I arrived into Ourazazate March 27th at noon. From the airplane, the snow covered high Atlas Mountains could be seen. More snow than I anticipated really. I met four other MdS runners on the plane, they were from Switzerland, France, Australia, and Bahrain. We all decided to split a cab to the hotel Belere in town. It was there that I met part of the American contingent group and checked into the hotel.
Immediately after checking in I showered and went to lunch with our group at the hotel Karam. I knew I would be running in the Sahara for seven days so I ate well. After lunch I unpacked and repacked all my gear and food, thinking very much about what luxuries I wanted to carry vs. the weight I would have on my back. I prepared six dinners, seven lunches, and six breakfasts. The all the food I was packing I previously tried here in the hill of Appalachia on runs like Trot to Hot, and others.
I struggled to cut out and shave off weight and after a few hours I was all packed up. Mentally I was preparing myself to be in the desert, and I was giddy to get out there.
March 28th-Ourazazate, Morocco
After a quick shower and breakfast, I dropped a bag at the hotel, and ran off to the bus. It was there that I saw signs of things that didn’t make sense. I t was drizzling outside as if I was on the streets of London. The problem was I was in the desert.
After waiting for two hours on the bus, and mingling with all the other American, Canadian, Australian, and Moroccan runners we were off. We expected to be on the bus for six hours and make it to the bivouac and finally be in the middle of nowhere 350 km away from our hotel in Ourzazate. Finally we were getting started.
Three hours into our bus ride I could see the rain only pouring down harder. I didn’t know what to expect, but some were worried that the tents would be flooded. The bus slowed down to a halt and everyone became quite and stood up to see what was going on. I was stunned to see a raging river that was flowing over the road we were supposed to cross.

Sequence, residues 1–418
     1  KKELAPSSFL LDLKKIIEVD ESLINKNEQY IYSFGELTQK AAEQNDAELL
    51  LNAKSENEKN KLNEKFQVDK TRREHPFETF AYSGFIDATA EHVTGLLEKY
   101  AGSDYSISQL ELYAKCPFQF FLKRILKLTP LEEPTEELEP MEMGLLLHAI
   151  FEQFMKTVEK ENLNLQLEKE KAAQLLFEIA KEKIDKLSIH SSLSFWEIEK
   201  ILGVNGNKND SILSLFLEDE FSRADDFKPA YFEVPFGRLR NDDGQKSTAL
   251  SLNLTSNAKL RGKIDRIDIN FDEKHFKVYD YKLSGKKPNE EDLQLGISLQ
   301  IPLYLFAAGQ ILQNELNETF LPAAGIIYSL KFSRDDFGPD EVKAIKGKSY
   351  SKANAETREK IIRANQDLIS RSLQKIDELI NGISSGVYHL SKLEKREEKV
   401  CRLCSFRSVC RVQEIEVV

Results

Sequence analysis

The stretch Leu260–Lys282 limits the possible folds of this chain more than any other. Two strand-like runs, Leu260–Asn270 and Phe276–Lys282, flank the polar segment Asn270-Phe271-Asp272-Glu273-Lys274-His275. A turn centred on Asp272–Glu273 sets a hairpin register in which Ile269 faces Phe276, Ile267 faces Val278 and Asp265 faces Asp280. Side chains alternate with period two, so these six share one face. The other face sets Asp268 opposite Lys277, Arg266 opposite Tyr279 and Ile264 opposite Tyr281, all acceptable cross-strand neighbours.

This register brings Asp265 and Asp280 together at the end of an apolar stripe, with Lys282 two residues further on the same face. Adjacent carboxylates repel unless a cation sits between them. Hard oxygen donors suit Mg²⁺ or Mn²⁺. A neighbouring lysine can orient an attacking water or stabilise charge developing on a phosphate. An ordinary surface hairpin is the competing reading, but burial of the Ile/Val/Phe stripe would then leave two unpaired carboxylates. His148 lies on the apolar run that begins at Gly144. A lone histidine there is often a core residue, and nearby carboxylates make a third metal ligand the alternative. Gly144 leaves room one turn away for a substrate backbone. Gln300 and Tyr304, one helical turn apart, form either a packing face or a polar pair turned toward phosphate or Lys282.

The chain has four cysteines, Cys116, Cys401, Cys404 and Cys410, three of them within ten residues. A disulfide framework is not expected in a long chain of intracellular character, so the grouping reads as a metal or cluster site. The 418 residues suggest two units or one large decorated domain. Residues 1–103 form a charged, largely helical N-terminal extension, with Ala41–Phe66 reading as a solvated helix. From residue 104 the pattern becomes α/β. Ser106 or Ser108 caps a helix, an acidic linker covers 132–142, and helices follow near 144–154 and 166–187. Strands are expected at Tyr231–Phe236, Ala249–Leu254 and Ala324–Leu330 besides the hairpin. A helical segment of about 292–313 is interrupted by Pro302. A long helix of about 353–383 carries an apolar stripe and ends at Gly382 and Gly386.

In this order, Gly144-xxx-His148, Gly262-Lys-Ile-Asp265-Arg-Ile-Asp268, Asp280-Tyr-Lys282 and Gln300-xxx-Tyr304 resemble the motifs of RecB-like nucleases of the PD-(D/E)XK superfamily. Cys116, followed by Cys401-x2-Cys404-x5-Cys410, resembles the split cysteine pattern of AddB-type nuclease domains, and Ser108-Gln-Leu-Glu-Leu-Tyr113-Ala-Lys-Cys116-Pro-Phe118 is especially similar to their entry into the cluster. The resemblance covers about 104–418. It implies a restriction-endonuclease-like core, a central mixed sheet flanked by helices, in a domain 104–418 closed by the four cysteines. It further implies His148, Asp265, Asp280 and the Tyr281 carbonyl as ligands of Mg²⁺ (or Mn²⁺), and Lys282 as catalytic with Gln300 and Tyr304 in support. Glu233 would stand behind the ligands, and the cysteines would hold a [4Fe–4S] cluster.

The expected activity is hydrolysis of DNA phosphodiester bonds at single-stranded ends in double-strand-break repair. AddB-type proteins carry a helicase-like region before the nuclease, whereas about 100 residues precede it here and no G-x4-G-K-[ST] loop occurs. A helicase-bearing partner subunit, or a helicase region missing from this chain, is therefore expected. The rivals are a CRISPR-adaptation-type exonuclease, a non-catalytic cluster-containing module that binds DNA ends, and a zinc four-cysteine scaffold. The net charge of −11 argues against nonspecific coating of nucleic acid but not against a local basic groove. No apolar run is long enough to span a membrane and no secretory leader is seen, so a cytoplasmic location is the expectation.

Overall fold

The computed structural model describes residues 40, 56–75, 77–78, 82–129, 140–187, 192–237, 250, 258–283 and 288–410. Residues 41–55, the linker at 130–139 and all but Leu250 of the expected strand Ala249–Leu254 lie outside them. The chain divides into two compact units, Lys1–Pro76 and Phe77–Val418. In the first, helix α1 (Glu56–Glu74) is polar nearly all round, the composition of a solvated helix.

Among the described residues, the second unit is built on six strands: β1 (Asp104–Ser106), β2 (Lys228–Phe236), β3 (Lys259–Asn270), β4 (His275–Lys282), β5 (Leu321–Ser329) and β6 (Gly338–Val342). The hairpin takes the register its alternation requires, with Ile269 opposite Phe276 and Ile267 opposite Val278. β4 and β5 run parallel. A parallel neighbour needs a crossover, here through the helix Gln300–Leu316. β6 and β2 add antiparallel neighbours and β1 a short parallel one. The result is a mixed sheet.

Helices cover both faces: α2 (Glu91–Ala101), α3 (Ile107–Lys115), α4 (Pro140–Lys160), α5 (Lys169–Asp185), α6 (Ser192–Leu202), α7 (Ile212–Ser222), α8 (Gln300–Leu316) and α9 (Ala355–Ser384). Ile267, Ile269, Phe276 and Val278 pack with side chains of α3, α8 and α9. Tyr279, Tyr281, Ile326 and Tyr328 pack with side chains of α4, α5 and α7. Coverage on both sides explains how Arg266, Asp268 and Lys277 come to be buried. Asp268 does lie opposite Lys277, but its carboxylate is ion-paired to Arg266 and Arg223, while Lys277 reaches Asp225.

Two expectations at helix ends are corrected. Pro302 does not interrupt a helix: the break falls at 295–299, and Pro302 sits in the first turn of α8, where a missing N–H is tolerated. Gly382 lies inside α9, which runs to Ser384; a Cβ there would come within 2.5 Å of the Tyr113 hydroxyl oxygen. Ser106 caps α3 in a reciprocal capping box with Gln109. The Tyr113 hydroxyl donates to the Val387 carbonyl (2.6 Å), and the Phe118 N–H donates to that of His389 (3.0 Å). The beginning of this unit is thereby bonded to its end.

Many of us exited the bus to witness what was going on. The rapids were powerful, and dug into the earth, and moved trees and boulders. The locals were out dancing as the rain was a source of life for them, and is quite rare in the desert. After brushing up on my Arabic I learned from the Moroccan team that they had not seen rain like this in 20 years. A 20 year flood was occurring on the first day of our MdS ultra in the middle of the Sahara desert, what are the odds? My luck at play here. Buses lined up all on the road and we sat in a parking lot.
Hours went by and many became frustrated as we did not know what to expect, and we also were witnessing what many thought at the time, a strong reason to cancel the race. The rain eventually died down a bid and the river was noticeably decreasing in rage. Some feared we would all spend the night on the bus as we may not have been able to cross.